Your wrist is extremely important to almost everything you do with your hands, including lifting objects, exercising, preparing food, etc. The ulnar side of your wrist is the side of your “pinkie” finger (or small finger), and pain on this side can be very common. It’s so common, in fact, that it can sometimes be difficult to determine the exact cause.
A torn ligament can happen in conjunction with a sprained wrist, typically when the wrist is bent backwards forcefully or put into an awkward position. This can happen during any sport such as gymnastics, soccer, football, etc. or simply during a fall. Ligaments are bands of tough connective tissue that connect two bones or hold together a joint.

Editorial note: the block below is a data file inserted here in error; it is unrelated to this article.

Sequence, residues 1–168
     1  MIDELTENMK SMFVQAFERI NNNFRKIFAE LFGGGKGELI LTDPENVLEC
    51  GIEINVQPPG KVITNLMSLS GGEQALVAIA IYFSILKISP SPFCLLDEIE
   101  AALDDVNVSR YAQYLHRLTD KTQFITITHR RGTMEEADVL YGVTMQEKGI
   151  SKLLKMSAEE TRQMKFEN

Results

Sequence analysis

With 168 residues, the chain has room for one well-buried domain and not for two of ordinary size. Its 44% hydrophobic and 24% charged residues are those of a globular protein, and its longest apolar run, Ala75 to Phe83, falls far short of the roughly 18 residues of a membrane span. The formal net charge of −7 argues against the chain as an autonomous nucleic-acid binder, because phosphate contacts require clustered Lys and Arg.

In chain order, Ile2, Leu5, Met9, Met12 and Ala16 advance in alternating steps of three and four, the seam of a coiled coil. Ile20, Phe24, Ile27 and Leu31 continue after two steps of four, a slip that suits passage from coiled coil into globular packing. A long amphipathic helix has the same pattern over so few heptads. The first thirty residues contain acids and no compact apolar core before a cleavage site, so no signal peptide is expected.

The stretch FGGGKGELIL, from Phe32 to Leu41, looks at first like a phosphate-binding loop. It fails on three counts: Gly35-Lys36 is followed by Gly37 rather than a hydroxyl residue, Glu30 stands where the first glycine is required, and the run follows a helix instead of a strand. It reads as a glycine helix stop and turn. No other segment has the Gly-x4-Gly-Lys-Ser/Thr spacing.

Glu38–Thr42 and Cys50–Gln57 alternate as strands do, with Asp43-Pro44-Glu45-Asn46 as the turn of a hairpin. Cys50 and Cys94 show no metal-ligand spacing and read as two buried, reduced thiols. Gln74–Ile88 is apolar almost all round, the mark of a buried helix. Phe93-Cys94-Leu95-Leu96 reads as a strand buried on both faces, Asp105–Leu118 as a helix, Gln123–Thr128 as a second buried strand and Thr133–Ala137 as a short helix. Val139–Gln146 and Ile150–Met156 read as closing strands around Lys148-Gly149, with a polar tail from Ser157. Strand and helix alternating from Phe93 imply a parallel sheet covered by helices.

A biceps tendon injury is a tear or rupture of connective tissue that connects the biceps muscle of the upper arm to bones at either the shoulder (proximal tendon) or elbow (distal tendon). Proximal tears are more common than distal tears and usually are the the result of chronic overuse or an acute injury, such as a direct blow to the shoulder or falling onto an outstretched arm.
Based on a review of 71 studies that included nearly one million workers, the riskiest occupations include agriculture, construction, mining, service jobs and housekeeping. And jobs that demand excessive kneeling, squatting, standing, lifting and climbing stairs all increase your odds.
A torn or ruptured pectoralis muscle can limit your ability to engage in normal work and recreational activities. It can limit arm use, and may cause significant pain. If you have ruptured or torn your pectoralis major muscle in your chest, you may benefit from physical therapy (PT) to help you recover.